“The Death Drive on Film” by Mary Wild and “The Revolution will go Viral… on Sexting, the Digital & Contagion” by Dr Clint Burnham

“The Death Drive on Film” by Mary Wild and “The Revolution will go Viral… on Sexting, the Digital & Contagion” by Dr Clint Burnham

8.00

Date: Sunday, May 22, 2022
Time: 2 pm EST

This lecture will take place virtually, via Zoom. Ticket sales will end at 12:30pm EST the day of the lecture. This event will be recorded and ticketholders will receive a temporary streaming link after the live stream.

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The Death Drive on Film, by Mary Wild

In “Beyond the Pleasure Principle” (1920), Sigmund Freud defined the death drive as being in opposition to Eros (i.e., the affirmation of life through survival, propagation, productivity, and romance). This talk will focus the death drive on film, represented as self-sabotage, the unconscious wish to return to an inorganic state, and the urge to repeat painful past events. The proposition is that there is a cultural merit in coming to terms with the death drive, as it helps us to identify, comprehend and integrate harmful impulses in a functional way.

Films discussed: Damage (1992), Weekend At Bernie(1989), Once Upon A Time In Hollywood (2019)

“The Revolution will go Viral… on Sexting, the Digital & Contagion,” by Dr. Clint Burnham

We need psychoanalysis to understand our conflicted anxieties brought to the fore by Covid, we needed Covid-19 to come along to help us comprehend the dyad of connectivity and isolation at work in the internet, and we continue to need the internet to understand such psychoanalytic ideas as the unconscious and “desire is the desire of the Other.”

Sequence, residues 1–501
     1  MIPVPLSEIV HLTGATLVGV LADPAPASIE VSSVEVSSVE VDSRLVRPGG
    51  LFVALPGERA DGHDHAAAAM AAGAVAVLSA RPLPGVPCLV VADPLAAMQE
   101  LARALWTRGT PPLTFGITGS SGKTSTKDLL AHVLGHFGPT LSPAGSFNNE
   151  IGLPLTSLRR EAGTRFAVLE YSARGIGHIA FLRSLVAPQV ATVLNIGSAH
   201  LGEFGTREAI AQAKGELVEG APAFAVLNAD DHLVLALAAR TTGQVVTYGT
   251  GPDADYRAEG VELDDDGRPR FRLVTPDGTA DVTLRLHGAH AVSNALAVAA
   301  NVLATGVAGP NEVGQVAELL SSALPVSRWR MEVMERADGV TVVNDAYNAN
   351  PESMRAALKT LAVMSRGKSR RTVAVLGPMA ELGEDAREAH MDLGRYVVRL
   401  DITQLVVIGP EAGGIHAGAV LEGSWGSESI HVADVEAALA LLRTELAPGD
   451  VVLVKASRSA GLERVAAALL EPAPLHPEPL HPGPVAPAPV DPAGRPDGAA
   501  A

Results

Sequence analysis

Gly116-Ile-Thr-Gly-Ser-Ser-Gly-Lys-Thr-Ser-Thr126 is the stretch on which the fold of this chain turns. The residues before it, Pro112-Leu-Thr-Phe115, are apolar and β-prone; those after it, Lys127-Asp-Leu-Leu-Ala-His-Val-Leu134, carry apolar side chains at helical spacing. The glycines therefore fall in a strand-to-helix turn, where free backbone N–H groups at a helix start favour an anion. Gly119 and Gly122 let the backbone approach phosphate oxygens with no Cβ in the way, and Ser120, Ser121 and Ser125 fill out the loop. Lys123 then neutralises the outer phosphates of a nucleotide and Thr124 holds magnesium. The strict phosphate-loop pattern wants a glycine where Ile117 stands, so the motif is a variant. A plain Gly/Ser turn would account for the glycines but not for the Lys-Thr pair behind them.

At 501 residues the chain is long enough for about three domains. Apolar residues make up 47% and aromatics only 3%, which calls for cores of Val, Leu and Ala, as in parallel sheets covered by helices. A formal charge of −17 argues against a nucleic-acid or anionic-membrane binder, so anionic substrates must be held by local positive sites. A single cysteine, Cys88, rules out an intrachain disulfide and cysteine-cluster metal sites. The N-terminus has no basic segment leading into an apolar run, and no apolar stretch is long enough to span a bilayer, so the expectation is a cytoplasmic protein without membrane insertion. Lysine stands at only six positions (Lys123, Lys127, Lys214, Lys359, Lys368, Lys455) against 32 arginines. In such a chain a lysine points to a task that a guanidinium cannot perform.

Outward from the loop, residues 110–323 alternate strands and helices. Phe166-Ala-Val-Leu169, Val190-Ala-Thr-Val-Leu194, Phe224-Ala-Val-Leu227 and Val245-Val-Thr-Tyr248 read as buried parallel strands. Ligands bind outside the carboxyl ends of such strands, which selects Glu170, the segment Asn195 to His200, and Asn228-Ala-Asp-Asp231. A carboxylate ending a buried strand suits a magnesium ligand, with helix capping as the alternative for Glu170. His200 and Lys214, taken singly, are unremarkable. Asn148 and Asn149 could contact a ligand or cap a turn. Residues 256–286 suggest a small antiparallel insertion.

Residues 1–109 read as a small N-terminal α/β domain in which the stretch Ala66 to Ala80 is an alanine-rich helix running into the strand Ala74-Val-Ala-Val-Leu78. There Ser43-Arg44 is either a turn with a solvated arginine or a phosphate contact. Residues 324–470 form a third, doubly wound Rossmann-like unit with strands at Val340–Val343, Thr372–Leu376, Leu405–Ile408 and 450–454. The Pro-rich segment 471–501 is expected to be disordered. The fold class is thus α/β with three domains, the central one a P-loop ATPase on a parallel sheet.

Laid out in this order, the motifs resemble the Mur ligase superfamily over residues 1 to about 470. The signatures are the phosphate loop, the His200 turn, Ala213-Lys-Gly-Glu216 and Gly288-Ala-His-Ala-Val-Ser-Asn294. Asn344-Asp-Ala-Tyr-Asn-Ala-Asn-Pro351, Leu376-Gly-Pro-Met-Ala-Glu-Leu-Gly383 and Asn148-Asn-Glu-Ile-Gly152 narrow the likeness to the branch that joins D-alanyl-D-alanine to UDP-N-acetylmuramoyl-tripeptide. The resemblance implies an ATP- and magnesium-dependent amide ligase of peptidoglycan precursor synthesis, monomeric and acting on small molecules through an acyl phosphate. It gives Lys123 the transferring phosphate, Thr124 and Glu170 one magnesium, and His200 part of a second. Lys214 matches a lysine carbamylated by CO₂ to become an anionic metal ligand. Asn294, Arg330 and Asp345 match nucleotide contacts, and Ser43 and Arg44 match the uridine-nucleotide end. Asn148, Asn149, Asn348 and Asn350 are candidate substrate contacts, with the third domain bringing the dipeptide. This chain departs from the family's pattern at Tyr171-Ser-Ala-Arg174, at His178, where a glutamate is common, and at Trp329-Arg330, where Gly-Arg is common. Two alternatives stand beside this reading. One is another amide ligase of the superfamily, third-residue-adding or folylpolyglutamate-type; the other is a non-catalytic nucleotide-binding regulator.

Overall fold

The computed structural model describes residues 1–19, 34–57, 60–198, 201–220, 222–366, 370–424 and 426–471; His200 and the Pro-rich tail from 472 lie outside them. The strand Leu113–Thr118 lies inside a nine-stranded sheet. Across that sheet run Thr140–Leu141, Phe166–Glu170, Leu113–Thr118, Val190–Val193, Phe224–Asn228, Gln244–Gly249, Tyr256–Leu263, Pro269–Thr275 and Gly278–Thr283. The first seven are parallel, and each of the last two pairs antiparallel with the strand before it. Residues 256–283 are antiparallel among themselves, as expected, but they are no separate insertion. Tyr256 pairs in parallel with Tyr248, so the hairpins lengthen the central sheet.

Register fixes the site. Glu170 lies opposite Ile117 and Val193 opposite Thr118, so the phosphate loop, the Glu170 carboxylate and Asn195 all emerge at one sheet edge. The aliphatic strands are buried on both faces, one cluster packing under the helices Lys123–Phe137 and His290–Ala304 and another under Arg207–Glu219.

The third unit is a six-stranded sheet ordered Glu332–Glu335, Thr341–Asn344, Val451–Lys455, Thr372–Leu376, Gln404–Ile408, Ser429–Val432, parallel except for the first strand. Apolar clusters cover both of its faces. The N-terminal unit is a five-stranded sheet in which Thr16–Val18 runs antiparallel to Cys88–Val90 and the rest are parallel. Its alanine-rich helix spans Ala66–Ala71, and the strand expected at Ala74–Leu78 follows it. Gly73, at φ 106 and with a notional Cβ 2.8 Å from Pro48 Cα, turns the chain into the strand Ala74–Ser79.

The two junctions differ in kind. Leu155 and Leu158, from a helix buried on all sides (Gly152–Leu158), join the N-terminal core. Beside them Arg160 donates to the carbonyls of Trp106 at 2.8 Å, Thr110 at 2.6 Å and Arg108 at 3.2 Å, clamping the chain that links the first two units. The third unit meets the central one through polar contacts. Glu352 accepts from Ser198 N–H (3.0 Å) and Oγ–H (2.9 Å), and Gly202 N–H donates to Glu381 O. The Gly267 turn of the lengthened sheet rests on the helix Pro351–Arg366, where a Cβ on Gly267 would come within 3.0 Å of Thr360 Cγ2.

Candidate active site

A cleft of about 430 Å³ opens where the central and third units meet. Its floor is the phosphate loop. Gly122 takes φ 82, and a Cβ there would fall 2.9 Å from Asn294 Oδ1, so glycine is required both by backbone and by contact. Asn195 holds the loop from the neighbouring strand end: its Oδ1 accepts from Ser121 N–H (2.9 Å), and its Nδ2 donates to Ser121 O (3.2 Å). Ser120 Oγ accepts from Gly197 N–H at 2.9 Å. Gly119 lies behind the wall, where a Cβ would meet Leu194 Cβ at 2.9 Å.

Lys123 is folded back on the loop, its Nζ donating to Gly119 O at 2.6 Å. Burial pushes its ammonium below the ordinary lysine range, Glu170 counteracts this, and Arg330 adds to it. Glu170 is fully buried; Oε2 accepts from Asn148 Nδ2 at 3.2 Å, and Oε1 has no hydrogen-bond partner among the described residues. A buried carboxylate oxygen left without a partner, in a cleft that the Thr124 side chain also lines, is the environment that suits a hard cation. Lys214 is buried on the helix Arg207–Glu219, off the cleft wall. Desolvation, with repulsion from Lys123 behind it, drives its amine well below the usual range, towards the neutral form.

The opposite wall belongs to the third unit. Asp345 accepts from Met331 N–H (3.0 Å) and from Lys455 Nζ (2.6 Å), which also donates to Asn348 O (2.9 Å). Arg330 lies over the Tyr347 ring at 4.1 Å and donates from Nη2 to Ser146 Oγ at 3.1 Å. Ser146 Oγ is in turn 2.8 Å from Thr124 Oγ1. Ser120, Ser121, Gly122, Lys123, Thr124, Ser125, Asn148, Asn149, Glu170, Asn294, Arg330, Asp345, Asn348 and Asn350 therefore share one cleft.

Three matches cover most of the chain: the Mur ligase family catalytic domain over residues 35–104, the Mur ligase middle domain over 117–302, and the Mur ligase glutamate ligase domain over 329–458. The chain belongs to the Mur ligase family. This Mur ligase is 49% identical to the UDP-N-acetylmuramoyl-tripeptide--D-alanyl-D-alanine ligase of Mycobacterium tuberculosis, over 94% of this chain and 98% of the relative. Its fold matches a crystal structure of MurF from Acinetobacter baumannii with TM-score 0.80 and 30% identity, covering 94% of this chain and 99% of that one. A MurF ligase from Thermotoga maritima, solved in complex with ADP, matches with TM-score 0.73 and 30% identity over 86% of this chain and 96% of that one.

Drawing on the work of Freud, Lacan, Žižek, and Byung-Chul Han, and discussing sexting, anti-vaxxers, and “the subject supposed to LOL,” this talk will argue that our desires on the internet, our anxieties about vaccines and masks, and the way things go viral, can only be understood with the help of psychoanalysis, and, that these cultural phenomena can in turn help advance the theory and practice, the very relevance, of psychoanalysis today.

This talk is part of the Psychoanalysis, Art & the Occult series of events, curated by Dr. Vanessa Sinclair and Carl Abrahamsson, is dedicated to exploring the intersections and integration of psychoanalytic theory, the creative arts, occult practices, and folk magic traditions. By inviting psychoanalysts, philosophers, artists, writers, and occult practitioners from a variety of theoretical orientations and worldviews to discuss their work, personal experiences, and areas of research interest with one another, dialogue is opened up between practitioners in fields of study that traditionally rarely engage with one another though often operate in similar and complementary ways.

About the speakers:

Mary Wild is the creator of the PROJECTIONS lecture series at Freud Museum London, applying psychoanalysis to film interpretation. Mary also co-hosts the Projections Podcast, and contributes to The Evolution of Horror Podcast.

Dr. Clint Burnham is Professor of English at Simon Fraser University, Vancouver, Canada, where he also teaches theory and popular culture. He is one of the facilitators of the Lacan Salon. His books include The Jamesonian Unconscious: The Aesthetics of Marxist Theory (1995), The Only Poetry that Matters: Reading the Kootenay School of Writing (2011), and the collections Digital Natives (2011, co-ed. with Lorna Brown) and From Text to Txting: New Media in the Classroom (2012, co-ed. with Paul Budra). His most recent book Does the Internet Have an Unconscious? (2018) is both an introduction to the work of Slavoj Žižek and an investigation into how his work can be used to think about the digital present. Clint Burnham uniquely combines the German idealism, Lacanian psychoanalysis, and Marxist materialism found in Žižek’s thought to understand how the Internet, social and new media, and digital cultural forms work in our lives and how their failure to work structures our pathologies and fantasies. He suggests that our failure to properly understand the digital is due to our lack of recognition of its political, aesthetic, and psycho-sexual elements. Mixing autobiographical passages with critical analysis, Burnham situates a Žižekian theory of digital culture in the lived human body.

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